The untrained theologian will go to Genesis 34 to say, “See? God doesn’t care about rape. He hates women.” The utter failure of this is that they make the text say something it never says. Once again, we come to the sharp distinction that always needs to be made when reading a historical narrative: prescription vs. description. The description of events happening in a historical narrative, such as is the case here, does not equal to a prescription for norms of behaviour. No one would do this when reading any other history book, so it is incredibly stupid to commit that error here. Yet if we read the text closely and view it in the wider context of Scripture, we can see God’s disgust over rape.
The short version of this account is that after Shechem rapes Dinah, her brothers conspire to kill him while their father, Jacob, refuses to seek vengeance. He tries to resolve the matter by giving Dinah to Shechem as a wife in order that she might live (more on that a little later). Her brothers were not happy with this, and Simeon and Levi massacre Shechem, his father, and all the males in their house. Jacob, of course, was distressed over what they had done (34:30). And what does God do after they get their revenge? Initially, nothing.
As the Lord commanded, Jacob and his sons go to Bethel to call upon the Lord in the day of his distress over this violence (35:3). In fact, God protects Simeon and Levi on their journey (35:5) (this would’ve been a great time for God to punish them for what they did). Jacob thought he and his household would be destroyed because of what his sons had done, but God promises him fecundity (35:11).
However, there is still the matter that even though “justice” was served, Simeon and Levi still killed human beings made in God’s image, which God said a long time ago the punishment for such murder would be your own death by the shedding of your own blood (9:5-6). So, according to the Word of the Lord, even though Simeon and Levi avenge their sister and restore her honour, they still needed to die because they took matters into their own hands and murdered human beings made in God’s image.
But God doesn’t kill them. Instead of being murdered themselves just as they murdered her rapist, including innocent men who had nothing to do with her rape, God curses their tribes to be divided and scattered throughout Israel (49:5-7). Truly, this is merciful compared to what they deserved.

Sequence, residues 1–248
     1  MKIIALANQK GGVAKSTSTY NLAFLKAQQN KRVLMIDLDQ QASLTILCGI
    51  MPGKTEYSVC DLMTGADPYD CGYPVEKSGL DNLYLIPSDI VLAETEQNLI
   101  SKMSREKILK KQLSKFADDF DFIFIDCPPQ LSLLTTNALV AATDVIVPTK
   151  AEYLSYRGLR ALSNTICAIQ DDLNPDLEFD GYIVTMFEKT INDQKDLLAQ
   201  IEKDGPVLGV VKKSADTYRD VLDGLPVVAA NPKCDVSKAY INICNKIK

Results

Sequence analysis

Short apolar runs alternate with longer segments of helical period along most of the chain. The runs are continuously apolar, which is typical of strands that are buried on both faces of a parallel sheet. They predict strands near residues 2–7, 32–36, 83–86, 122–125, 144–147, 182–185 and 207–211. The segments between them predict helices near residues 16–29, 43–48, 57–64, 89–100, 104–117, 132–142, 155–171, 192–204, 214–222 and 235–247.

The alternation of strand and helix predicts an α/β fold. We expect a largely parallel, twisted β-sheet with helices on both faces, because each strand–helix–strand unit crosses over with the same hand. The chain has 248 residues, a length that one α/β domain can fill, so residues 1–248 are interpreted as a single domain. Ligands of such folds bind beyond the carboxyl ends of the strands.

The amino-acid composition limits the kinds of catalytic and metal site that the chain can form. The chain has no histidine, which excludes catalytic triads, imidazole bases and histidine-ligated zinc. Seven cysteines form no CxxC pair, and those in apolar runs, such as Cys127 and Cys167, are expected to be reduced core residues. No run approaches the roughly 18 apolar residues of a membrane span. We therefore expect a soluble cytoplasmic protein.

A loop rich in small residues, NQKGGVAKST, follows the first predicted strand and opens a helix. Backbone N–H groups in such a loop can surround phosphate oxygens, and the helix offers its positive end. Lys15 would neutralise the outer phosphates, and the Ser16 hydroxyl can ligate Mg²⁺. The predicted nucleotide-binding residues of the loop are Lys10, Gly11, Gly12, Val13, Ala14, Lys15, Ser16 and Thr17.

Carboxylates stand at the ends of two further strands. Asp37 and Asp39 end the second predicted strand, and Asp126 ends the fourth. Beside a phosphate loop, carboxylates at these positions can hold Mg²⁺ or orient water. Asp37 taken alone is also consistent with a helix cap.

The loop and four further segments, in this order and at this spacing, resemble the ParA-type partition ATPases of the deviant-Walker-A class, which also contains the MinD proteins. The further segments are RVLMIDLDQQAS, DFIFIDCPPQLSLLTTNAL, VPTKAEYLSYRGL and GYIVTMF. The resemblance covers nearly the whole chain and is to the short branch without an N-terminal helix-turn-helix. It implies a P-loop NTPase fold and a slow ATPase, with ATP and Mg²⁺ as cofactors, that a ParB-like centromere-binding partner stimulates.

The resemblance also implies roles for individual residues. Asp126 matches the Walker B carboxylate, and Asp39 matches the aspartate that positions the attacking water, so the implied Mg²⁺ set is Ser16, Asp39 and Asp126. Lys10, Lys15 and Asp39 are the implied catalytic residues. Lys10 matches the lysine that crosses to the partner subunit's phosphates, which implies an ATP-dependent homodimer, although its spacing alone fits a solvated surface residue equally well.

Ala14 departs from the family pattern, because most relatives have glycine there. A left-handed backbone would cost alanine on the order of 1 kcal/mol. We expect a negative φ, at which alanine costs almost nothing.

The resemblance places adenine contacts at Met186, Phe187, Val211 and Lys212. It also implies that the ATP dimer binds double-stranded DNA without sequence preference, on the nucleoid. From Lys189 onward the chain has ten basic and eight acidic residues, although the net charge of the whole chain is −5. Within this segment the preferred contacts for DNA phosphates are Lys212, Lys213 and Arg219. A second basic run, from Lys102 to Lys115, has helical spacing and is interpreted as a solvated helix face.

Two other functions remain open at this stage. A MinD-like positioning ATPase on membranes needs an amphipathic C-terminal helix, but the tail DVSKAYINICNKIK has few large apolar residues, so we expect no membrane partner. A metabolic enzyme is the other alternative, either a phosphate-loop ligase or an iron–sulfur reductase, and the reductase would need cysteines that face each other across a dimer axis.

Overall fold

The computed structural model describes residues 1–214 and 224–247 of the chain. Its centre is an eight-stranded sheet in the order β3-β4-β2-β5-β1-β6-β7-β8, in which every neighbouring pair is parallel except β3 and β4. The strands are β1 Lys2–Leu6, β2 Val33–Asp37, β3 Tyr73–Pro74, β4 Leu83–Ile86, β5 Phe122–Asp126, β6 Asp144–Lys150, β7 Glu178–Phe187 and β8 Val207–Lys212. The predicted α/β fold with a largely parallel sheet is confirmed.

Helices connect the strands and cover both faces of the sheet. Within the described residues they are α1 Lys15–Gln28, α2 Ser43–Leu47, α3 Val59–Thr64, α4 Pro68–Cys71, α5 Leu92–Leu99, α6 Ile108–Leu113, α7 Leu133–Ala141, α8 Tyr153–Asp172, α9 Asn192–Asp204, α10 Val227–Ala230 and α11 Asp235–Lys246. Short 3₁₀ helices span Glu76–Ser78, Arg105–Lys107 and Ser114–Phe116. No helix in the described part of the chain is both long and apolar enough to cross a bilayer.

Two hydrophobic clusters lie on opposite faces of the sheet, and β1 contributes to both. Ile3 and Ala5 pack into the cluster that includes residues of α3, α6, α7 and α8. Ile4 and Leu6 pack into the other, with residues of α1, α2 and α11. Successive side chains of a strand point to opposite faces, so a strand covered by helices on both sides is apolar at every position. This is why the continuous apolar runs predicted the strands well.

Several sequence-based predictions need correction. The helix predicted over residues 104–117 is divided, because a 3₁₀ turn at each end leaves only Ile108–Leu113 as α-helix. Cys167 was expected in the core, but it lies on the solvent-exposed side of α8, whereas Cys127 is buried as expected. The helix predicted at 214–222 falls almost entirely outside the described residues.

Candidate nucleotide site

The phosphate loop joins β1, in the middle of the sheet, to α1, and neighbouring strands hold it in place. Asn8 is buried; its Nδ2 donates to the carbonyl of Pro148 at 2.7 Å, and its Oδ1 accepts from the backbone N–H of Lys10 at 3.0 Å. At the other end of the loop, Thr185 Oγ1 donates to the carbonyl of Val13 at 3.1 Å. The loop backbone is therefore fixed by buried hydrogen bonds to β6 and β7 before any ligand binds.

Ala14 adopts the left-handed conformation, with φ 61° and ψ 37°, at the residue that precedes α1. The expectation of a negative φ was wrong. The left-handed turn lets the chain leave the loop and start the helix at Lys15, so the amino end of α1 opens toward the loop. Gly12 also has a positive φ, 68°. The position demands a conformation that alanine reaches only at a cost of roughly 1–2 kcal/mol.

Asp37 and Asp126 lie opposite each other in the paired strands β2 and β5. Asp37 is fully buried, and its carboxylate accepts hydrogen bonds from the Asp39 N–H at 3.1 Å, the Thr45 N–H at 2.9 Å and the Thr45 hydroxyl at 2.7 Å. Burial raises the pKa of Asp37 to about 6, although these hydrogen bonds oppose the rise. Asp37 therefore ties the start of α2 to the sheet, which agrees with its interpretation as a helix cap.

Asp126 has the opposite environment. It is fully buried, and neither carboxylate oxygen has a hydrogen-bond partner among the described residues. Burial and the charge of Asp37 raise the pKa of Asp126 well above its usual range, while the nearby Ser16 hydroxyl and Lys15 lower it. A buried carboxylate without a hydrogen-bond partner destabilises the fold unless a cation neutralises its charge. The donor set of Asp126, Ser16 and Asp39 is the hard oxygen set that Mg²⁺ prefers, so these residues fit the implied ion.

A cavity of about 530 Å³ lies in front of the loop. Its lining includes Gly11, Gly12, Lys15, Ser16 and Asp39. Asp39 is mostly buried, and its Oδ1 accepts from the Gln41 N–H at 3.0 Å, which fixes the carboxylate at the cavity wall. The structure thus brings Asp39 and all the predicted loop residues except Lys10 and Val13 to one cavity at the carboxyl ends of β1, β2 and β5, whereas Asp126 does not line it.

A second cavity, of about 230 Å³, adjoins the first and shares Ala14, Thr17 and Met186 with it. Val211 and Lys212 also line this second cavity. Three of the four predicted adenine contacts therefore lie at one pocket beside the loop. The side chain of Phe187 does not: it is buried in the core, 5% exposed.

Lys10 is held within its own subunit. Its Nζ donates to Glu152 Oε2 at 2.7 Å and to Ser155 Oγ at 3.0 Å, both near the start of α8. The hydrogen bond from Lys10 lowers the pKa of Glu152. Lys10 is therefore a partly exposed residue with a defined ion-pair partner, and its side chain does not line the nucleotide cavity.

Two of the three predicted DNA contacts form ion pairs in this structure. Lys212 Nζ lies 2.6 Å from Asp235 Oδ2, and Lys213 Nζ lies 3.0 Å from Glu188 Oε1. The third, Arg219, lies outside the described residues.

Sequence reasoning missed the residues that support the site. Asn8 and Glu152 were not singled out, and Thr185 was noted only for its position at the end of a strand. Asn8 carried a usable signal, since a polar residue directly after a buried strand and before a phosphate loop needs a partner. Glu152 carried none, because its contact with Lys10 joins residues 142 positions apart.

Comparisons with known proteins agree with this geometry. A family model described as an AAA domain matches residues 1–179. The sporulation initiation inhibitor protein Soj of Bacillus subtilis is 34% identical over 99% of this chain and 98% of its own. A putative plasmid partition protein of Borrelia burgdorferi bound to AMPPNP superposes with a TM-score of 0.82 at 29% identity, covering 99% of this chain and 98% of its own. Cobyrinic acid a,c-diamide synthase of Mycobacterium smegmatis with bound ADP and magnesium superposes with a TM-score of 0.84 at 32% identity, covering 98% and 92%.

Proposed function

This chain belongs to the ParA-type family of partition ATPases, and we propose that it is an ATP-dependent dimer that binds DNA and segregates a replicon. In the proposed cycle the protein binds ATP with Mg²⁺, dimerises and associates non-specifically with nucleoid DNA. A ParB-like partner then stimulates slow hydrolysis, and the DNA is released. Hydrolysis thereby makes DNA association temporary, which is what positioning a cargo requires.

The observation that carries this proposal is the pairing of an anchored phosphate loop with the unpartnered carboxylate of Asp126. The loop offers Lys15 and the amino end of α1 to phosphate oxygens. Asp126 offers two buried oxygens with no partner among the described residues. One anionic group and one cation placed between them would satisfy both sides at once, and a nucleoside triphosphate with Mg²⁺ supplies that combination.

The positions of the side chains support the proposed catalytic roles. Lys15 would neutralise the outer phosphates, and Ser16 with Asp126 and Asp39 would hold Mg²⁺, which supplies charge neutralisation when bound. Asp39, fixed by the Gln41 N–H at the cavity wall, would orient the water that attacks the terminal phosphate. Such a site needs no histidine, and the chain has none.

I imagine God would have exacted His justice in His own timing, for God is not known for letting evil go unpunished for too long. There are times when God permits wicked men to continue living only to destroy them in the long run because of the evil things they’ve done. We should always bear in mind what God says much later, “Vengeance is Mine, and recompense, for the time when their foot shall slip” (Deuteronomy 32:35). Or as Paul paraphrases much, much later, “Beloved, never avenge yourselves, but leave it to the wrath of God, for it is written, ‘Vengeance is Mine, I will repay, says the Lord'” (Romans 12:19).
Also in Deuteronomy, we see that the punishment for rape is death (Deuteronomy 22:23-29), except in cases where the woman was a virgin and not yet pledged to be married. In this case, like Jacob tried to do, she would have to marry the man who raped her. “She shall be his wife because he has violated her. He may not divorce her all his days” (v. 29). While this might seem absurd and sickening to us, consider the ancient times of Israel. In these times, women couldn’t own property and they couldn’t legally work to support themselves. She had no legal protection without a father, husband, or son.
In ancient Israel, if an unmarried woman was not a virgin, she would never marry because no man would desire her, especially if she were raped. So, to protect her from poverty (which meant certain death in these times), the Lord prescribed a law in which the unmarried woman would have to marry her rapist so she could live and have security, otherwise she would be left for dead. This was also a punishment for the man, for the last thing he wants to be is a loving husband. On the other hand, if she were married, or cried out for help and received none, or was in a secluded area where help was impossible, the rapist was to be put to death.
No matter how you look at it, this was the best situation for such a woman in ancient times. They had no opportunity for individualism like we do today. A woman simply couldn’t survive and thrive on her own, whether or not she was raped. It was either the tragic circumstance of marrying the man who violated her (much to his chagrin), or to be shunned by society with a metaphorical scarlet letter and be left for dead. Rather than shunning the woman and leaving her to die, the man was commanded to step up and be a loving husband, certainly a far better outcome than saying, “Welp, too bad, you gotta’ be on your own and die now.”
Featured Image: Rape of Dinah by Giuliano Bugiardini (1475-1555). Wikimedia Commons.